Why Forrest Gump Took Almost A Decade To Finally Make It To The Big Screen

There are few films more American than "Forrest Gump." Starring "America's dad," Tom Hanks, the story follows a pure-hearted if somewhat naive young man who bunks with Elvis Presley, meets JFK, serves with honor in Vietnam, and speaks alongside Abbie Hoffman at an antiwar rally on the National Mall. The film has become so lodged into the collective American mindset that "Forrest Gump" has become shorthand for a regular person who existed at the periphery of major historical events and alongside famous figures. When the film premiered in the summer of 1994, it was a hit. It was an astounding coup for producer Wendy Finerman, who slogged through Hollywood for nearly a decade to get the film made.

Though it's now known as an American classic, "Forrest Gump” was a tough sell even for Finerman, the wife of Columbia/Tri-Star Motion Picture Group chairman Mark Canton. Finerman told The New York Times that for years, Hollywood passed on her pitch.

"Actors, directors, agents, studio people were just not interested in the project," she theorized, "partly because of 'Rain Man.' People would ask me what I was working on, and I'd say, 'Forrest Gump,' and they'd get that glazed look. I knew they were thinking, 'When is she going to give up?'"

Box office run

But Finerman wasn't just the wife of a Hollywood executive, she knew the entertainment industry inside and out. After starting her career at The Movie Channel and moving onto Universal Television, she became vice president of production and development at Steve Tisch Productions. When she read the galley copies of "Forrest Gump" in 1985, she and director Robert Zemeckis were compelled by its unconventional narrative style that blended comedy and pathos.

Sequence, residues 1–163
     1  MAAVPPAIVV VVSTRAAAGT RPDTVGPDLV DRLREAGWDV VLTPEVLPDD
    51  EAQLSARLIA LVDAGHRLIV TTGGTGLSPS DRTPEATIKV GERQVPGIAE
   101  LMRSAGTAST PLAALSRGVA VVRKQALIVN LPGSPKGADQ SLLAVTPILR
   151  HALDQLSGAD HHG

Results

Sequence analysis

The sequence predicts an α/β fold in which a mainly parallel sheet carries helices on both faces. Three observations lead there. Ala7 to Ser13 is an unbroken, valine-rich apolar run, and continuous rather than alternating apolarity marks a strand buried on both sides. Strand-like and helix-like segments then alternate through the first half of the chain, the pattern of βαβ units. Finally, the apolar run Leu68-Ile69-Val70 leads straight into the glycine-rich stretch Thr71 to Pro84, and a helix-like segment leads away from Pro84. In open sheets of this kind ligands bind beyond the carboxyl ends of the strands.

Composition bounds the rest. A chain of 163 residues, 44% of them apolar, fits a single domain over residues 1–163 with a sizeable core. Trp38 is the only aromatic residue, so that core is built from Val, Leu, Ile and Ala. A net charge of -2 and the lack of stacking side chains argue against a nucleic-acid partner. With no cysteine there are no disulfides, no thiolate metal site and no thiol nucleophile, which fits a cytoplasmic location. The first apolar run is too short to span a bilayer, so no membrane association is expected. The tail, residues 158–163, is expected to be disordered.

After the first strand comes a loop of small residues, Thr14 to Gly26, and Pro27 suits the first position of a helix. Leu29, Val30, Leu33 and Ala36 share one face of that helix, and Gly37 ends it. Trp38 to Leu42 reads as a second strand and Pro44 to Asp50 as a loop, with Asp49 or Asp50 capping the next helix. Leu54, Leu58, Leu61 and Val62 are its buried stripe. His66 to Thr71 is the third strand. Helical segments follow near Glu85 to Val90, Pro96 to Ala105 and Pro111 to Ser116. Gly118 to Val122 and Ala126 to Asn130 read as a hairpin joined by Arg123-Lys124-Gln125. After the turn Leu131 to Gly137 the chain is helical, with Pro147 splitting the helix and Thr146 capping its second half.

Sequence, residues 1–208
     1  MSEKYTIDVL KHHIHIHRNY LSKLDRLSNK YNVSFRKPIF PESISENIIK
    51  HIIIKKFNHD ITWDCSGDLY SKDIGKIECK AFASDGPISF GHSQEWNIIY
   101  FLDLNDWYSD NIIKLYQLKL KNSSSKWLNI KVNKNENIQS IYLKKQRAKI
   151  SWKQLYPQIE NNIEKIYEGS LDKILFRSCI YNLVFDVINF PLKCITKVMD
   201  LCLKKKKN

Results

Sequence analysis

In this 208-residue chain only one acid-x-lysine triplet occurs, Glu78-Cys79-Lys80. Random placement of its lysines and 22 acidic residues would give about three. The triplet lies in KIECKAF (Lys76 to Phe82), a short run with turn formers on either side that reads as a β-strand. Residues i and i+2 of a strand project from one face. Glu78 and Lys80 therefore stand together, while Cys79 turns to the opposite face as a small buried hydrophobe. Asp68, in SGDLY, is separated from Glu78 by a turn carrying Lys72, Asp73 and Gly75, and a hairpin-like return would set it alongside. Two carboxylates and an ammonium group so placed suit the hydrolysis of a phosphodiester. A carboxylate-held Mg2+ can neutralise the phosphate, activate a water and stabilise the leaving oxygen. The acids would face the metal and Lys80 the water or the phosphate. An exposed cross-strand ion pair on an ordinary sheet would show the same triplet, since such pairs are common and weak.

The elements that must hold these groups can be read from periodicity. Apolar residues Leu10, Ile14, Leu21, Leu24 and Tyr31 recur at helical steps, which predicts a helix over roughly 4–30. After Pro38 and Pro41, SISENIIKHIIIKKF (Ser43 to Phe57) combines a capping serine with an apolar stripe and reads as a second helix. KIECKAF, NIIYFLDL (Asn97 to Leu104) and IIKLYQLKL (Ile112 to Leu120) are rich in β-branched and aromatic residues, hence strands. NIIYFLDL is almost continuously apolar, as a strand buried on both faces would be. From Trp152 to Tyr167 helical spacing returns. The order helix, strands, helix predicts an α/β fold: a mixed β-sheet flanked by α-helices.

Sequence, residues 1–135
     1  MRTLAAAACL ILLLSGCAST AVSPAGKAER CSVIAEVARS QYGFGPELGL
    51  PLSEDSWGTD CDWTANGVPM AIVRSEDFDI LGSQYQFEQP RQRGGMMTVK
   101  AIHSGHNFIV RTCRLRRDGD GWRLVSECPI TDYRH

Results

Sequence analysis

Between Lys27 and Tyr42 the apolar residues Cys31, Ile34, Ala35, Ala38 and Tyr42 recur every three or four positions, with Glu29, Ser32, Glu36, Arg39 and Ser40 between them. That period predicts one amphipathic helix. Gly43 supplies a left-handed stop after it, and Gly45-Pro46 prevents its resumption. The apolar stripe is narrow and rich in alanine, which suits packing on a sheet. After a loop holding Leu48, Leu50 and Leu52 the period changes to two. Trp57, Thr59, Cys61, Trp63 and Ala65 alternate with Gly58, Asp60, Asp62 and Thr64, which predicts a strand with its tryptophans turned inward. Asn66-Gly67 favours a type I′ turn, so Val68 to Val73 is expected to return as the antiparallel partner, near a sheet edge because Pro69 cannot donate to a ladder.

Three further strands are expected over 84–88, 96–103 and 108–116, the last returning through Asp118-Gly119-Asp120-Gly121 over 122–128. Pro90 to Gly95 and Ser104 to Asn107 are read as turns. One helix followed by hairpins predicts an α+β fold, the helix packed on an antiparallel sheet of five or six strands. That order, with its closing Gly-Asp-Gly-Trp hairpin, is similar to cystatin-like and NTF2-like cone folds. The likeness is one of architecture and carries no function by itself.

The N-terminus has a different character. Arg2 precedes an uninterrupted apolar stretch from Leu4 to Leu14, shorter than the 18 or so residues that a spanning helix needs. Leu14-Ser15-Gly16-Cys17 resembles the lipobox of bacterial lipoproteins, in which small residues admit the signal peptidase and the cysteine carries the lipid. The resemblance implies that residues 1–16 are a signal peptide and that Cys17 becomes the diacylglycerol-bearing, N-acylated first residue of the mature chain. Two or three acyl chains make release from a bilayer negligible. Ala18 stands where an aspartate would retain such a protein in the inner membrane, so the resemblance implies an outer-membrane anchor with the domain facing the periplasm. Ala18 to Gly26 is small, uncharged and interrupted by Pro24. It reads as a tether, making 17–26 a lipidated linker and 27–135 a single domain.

Zemeckis and his star, Tom Hanks, were so convinced in the film's quality that they took pay cuts to ensure the production's viability. At the time, Paramount wanted to trim the film's $50 million budget. The Orlando Sentinel reported that the studio requested Tisch and Finerman cut their salaries by $10 million, and Zemeckis and Hanks cut a deal of their own, banking on the film's success:

"Under the original deal for 'Forrest Gump,' Zemeckis and Hanks had contracts that called for the star to be paid $7 million and the director to earn $5 million. The salaries were the highest single budget item in the movie, and Hanks and Zemeckis agreed to, in Hollywood parlance, 'defer' a portion of their fees in return for a formula-based share of the box office. If the movie had not been a success, they might have ended up with much less than their original salaries."

A Hollywood original

"Forrest Gump" became the little movie that could, shattering box offices and breaking hearts. Its story of a beloved underdog, and the story of the film's own labored creation, should have been a lesson for Hollywood to have more faith in the small and quirky.

The last two decades of the movie business has proven the opposite. Far from investing in original stories, studios are resuscitating well-worn franchises and mining our nostalgia with endless reboots. Hollywood had already found itself in the midst of "remake fever" by the mid-aughts, and the ailment shows no signs of waning.

After all those years of pushing "Forrest Gump," Finerman had no optimism for the fate of original stories in the current climate. In a 2019 interview with Cinema Blend, she observed that "Forrest Gump getting made today would be very difficult. To look back and say Forrest Gump would never get made today — we know that's probably true ... and was still very difficult to, obviously, get made many years ago."

Sometimes life is like a box of chocolates: you never know what you're going to get. Other times it's like going to the movies: the same thing over and over again.